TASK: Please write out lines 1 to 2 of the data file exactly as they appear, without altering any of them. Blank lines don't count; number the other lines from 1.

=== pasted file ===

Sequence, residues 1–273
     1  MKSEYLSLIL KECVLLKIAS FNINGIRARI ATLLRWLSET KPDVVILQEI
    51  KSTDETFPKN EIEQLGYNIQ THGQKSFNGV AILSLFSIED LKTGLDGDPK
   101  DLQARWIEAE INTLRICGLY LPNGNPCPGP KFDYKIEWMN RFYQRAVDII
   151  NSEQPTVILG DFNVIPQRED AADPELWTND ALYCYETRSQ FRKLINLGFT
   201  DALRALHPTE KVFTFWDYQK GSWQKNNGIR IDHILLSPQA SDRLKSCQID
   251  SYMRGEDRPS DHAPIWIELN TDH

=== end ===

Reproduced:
Sequence, residues 1–273
     1  MKSEYLSLIL KECVLLKIAS FNINGIRARI ATLLRWLSET KPDVVILQEI